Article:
Israel condemned this Gazan fisherman to life in eternal darkness | Opinion


05-10-19 06:32:00,

This is what Israel should have done. A military vehicle should have waited last week for Khader al-Saaidy on the Israeli side of the Erez crossing point from Gaza, waiting to take him to the hospital to examine whether his remaining eye, the one that wasn’t ripped out, could be saved.

Then Israel should have seen to his rehabilitation, providing him with a guide dog, buying him a new fishing boat instead of the one it took away – and that was returned to him as a pile of wood. And of course, Israel should have properly compensated him for his blindness and ruining his life.

Read more: At odds with military, Netanyahu uses Gaza fishing zone for collective punishment | Analysis ■ A Gazan blinded by Israeli navy gunfire loses a final glimmer of hope

The soldiers who inflicted this upon him should have been tried and severely punished. Those in every course in the navy should be told his story, from time to time bringing him in as a guest lecturer – living testimony of the hell he has endured.

Let the sailors in their white uniforms know what they do in the name of the rite of security to helpless fishermen who endanger no one and who have done no harm. They should know what happens when they recklessly fire at Gaza fishermen.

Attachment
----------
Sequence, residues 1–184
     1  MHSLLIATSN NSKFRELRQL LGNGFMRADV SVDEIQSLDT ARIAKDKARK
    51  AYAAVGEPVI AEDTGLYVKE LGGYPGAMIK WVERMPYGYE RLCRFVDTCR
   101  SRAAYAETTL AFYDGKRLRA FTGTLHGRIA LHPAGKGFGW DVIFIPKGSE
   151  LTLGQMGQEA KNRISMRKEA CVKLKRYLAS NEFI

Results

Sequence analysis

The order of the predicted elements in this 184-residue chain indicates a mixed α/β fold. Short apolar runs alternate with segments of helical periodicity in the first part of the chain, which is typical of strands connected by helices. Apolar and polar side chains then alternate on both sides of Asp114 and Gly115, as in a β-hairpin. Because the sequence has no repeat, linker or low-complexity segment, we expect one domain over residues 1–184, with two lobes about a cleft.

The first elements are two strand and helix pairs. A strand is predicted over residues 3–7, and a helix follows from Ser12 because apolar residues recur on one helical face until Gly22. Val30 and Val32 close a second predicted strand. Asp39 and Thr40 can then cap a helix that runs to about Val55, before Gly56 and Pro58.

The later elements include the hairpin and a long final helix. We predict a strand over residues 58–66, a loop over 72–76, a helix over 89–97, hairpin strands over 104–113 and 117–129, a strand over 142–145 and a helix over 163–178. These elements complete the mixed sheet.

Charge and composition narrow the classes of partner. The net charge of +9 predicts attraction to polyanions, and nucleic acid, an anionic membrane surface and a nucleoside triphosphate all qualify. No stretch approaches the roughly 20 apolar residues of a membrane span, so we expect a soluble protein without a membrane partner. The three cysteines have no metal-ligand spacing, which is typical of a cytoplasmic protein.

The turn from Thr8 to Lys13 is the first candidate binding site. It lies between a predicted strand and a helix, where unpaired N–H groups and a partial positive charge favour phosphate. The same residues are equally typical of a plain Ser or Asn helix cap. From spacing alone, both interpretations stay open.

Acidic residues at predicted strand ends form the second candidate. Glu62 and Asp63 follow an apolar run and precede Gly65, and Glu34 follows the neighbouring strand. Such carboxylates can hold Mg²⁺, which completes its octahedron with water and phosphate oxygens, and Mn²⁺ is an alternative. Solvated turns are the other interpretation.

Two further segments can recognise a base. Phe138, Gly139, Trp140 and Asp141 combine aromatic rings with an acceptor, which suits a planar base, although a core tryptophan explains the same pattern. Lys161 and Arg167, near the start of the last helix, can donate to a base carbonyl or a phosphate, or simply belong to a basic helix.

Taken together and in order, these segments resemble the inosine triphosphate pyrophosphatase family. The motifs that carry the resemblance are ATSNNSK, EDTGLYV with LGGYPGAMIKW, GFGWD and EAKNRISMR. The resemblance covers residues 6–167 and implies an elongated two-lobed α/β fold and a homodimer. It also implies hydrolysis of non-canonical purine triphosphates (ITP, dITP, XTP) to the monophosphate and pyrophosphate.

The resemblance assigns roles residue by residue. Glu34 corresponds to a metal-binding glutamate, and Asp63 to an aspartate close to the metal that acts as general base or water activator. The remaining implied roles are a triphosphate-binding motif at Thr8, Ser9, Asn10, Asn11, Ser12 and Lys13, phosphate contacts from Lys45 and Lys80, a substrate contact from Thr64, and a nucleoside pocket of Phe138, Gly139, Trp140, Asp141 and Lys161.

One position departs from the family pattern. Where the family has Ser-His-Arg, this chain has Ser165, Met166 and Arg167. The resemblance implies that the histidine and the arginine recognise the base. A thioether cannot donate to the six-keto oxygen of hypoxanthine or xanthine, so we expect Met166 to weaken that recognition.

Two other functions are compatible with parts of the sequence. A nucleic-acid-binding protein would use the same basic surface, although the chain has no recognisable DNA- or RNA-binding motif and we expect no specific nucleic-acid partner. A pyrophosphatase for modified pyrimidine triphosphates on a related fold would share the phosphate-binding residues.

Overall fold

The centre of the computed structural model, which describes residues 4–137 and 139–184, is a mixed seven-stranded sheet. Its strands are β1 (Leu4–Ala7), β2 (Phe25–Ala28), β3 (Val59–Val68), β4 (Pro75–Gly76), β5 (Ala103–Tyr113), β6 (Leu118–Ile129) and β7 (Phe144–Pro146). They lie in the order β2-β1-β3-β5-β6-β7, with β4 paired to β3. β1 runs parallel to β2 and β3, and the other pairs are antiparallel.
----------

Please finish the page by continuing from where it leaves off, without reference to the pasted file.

This is what Israel has done: For months, a blinded Saaidy knocked at Israel’s door, desperately trying to get to the appointment that had been made for him for tests at Barzilai Medical Center in Ashkelon, where he was operated on after the soldiers shot him. The office of the Coordinator of Government Activities in the Territories, an agency of the occupation, refused for months to approve his entering Israel, so he missed several checkups at the hospital.

Al-Saaidy with his children, Gaza, June 12, 2019.Al-Saaidy with his children, Gaza, June 12, 2019.Khaled Aziza

In desperation, he went to Egypt, where they said they had nothing to offer him, but maybe in Israel they would be able to save his eye. Only the wondrous intervention of Prof. Dan Turner, deputy director of Jerusalem’s Shaare Zedek Medical Center, who is a West Bank settler from Kfar Adumim,

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